BBC4 looks set to abandon its comedy and drama output in order to focus more heavily on arts and culture.
The decision comes as part of a cost-cutting strategy that aims to save the BBC £700m, or 20% of its budget.
BBC4 is critically acclaimed, having produced Bafta-winning programmes such as The Road to Coronation Street and discovered several successful European imports including crime-drama The Killing. Yet it commands the attention of less than one per cent of the total television audience, and lost eight per cent of its audience last year.
The BBC’s new Director of Vision George Entwistle wants the channel to be more “sharply defined”, and inside sources are reported to have opined that refocusing BBC4 as an arts and culture channel is “the clear direction of travel”.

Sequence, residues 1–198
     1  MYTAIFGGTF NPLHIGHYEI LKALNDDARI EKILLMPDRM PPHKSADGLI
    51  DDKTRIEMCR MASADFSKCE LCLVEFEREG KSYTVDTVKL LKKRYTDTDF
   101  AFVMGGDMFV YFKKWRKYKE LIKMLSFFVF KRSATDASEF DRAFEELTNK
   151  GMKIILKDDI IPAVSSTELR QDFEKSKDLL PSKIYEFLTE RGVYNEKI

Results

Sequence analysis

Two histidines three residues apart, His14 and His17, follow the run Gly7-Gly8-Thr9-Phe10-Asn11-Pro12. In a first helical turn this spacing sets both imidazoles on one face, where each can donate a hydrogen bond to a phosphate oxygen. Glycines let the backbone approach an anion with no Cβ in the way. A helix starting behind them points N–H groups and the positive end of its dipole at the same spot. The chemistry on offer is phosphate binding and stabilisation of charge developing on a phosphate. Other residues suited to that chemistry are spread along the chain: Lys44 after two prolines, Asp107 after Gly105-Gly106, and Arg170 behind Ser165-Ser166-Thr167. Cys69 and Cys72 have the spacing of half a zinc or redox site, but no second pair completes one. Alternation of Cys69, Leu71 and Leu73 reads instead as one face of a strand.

Channel controller Richard Klein clarified the new focus of BBC4 in the BBC’s statement of programme policy, which was published last week. He described BBC4’s aim “to be British television’s most intellectually and culturally enriching channel, offering an ambitious range of UK and international arts, music and culture,” but conspicuously avoided any specific mention of comedy or drama.
Both were also notably absent from Klein’s vision of service for the next 12 months, in which he stated that BBC4 would be “tackling some of the big arts subjects like ballet and sculpture”.
There are still a number of dramas still waiting to air on the channel however, including a film about photographer David Bailey and a two-part adaptation of Charles Dickens’s unfinished novel The Mystery of Edwin Drood.
While commentators have speculated that BBC2’s output would likely be “beefed up” by the changes at BBC4, a BBC spokesperson is reported to have insisted that as yet “no decisions have been taken”.